Cryptocurrencies are here to stay

Innovation in digital assets continues rapidly and will likely drive increased participation, both from retail and institutional investors. The underlying blockchain technology behind bitcoin was meant to disrupt a few different industries. While results have not lived up to the initial hype, more sectors are investigating the use of the technology.

And with Facebook announcing a stablecoin, or a cryptocurrency pegged to a basket of different fiat currencies, central banks have accelerated the movement towards central bank digital currencies. Those could improve payment systems resilience and facilitate cross-border payments.

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Energy stocks drag down FTSE 100, IG Group slides

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Energy stocks drag down FTSE 100, IG Group slides 3

By Shivani Kumaresan

(Reuters) – London’s FTSE 100 slipped on Thursday, weighed down by falls in energy stocks as oil prices slid after a surprise increase in U.S. crude inventories, while IG Group tumbled on plans to buy U.S. trading platform tastytrade for $1 billion.

The blue-chip FTSE 100 index lost 0.4%, while the domestically focussed mid-cap FTSE 250 index also slid 0.4%.

Energy majors BP and Royal Dutch Shell fell 3.2% and 2.5%, respectively, and were the biggest drags on the FTSE-100 index. [O/R]

“What is holding back the UK is a lack of tech stocks to capture the ‘rotation’ back into tech seen since Netflix results,” said Chris Beauchamp, chief market analyst at IG.

“Stock markets overall are much quieter today, looking so far in vain for a new catalyst for further upside.”

The FTSE 100 shed 14.3% in value last year, its worst performance since a 31% plunge in 2008 and underperforming its European peers by a wide margin, as pandemic-driven lockdowns battered the economy and led to mass layoffs.

British Prime Minister Boris Johnson said it was too early to say when the national coronavirus lockdown in England would end, as daily deaths from COVID-19 reach new highs and hospitals become increasingly stretched.

IG Group tumbled 8.5% after announcing plans to buy tastytrade, venturing into North America after a stellar year for the new breed of retail investment brokerages.

Ibstock jumped 7.3% to the top of the FTSE 250 after the company said fourth-quarter activity benefited from better-than-expected demand for new houses and repairs.

Pets at Home Group Plc rose 2.2% after reporting an 18% jump in third-quarter revenue, boosted by higher demand for its accessories and veterinary services as more people adopted pets during lockdowns.

(Reporting by Shivani Kumaresan in Bengaluru; editing by Uttaresh.V and Mark Potter)

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Wall Street bounce, upbeat earnings lift European stocks

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Wall Street bounce, upbeat earnings lift European stocks 4

By Amal S and Sruthi Shankar

(Reuters) – European stocks rose on Wednesday after Dutch chip equipment maker ASML and Swiss luxury group Richemont gave encouraging earnings updates, while investors hoped for a large U.S. stimulus plan as Joe Biden was sworn in as president.

The pan-European STOXX 600 index closed 0.7% higher, getting an extra boost as Wall Street marked record highs.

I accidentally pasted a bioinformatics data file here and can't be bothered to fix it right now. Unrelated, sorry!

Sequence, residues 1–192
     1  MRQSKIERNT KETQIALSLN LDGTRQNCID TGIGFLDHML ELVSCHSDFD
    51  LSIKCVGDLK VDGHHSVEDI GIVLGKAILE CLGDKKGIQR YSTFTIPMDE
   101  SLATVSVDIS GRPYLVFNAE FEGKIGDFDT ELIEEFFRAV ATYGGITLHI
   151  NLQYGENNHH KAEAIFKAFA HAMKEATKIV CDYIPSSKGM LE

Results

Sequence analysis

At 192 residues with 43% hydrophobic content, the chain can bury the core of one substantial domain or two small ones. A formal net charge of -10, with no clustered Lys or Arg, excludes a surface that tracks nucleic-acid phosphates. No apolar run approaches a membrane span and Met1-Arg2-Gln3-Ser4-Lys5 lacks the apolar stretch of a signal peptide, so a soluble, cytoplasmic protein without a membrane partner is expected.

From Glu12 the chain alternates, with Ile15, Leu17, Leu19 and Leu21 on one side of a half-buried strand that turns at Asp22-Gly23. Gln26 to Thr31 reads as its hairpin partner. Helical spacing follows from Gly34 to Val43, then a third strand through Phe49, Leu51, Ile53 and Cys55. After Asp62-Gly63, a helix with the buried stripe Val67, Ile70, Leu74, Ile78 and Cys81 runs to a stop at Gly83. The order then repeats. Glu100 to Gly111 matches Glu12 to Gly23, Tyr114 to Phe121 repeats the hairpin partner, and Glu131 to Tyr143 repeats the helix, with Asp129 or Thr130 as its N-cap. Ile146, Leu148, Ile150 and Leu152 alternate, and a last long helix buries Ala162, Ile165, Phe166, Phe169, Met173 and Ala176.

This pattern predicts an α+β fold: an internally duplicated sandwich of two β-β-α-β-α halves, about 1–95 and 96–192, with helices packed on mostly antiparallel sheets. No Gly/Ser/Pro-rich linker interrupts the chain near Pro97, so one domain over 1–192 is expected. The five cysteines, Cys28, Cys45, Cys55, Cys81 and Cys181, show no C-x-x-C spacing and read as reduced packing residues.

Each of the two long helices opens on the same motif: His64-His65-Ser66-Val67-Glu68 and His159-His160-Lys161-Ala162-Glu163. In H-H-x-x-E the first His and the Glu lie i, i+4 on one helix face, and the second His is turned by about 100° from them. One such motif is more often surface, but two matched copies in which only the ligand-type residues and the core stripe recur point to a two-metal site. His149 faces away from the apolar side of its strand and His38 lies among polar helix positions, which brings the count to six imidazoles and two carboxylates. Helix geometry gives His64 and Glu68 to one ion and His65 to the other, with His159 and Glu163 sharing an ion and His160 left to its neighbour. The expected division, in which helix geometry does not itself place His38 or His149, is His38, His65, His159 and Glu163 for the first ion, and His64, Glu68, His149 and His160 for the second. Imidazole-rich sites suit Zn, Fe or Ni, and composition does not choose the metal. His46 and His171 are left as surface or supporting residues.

All eyes were on Biden’s inauguration as the 46th U.S. President, with traders betting on a bigger pandemic relief plan and higher infrastructure spending under the new administration to boost the pandemic-stricken economy.

Tech stocks rallied to a two-decade peak in Europe after ASML Holding NV rose 3.0% to all-time highs on better-than-expected quarterly sales and a strong order intake for 2021.

Meanwhile, Richemont rose 2.8%, after posting a 5% increase in quarterly sales as Chinese splashed out on Cartier, its flagship jewellery brand.

Britain’s Burberry jumped 3.9% after it stuck to its full-year goals, saying higher full-price sales would boost annual margins, while Asian demand remained strong.

The pair boosted European luxury goods makers that are heavily reliant on China, with LVMH and Kering gaining between 1% and 3%.

“Any sign that retail spending is picking up in China is going to be a boost to the Western markets and those heavily exposed to it,” said Connor Campbell, financial analyst at SpreadEx.

The European Central Bank is set to meet on Thursday. While no policy changes are expected, the bank could face more questions about an increasingly challenging outlook only a month after it unleashed fresh stimulus to bolster the euro zone economy.

“With the new round of easing measures fully in place and no new forecasts to be presented tomorrow, it should be a fairly uneventful day for the euro,” ING analysts said in a note.

Italy’s FTSE MIB gained 0.9% and lenders rose 1.6% after Prime Minister Giuseppe Conte won a confidence vote in the upper house Senate and averted a government collapse.

Conte narrowly secured the vote on Tuesday, allowing him to remain in office after a junior partner quit his coalition last week in the midst of the COVID-19 pandemic.

Daimler AG jumped 4.2% after its Mercedes-Benz brand unveiled a new electric compact SUV, the EQA, as part of plans to take on rival Tesla Inc.

Germany’s Hugo Boss added 4.4% after Mike Ashley-led Frasers said it boosted its stake in the company.

(Reporting by Sruthi Shankar and Amal S in Bengaluru; Editing by Shailesh Kuber and Arun Koyyur and Kirsten Donovan)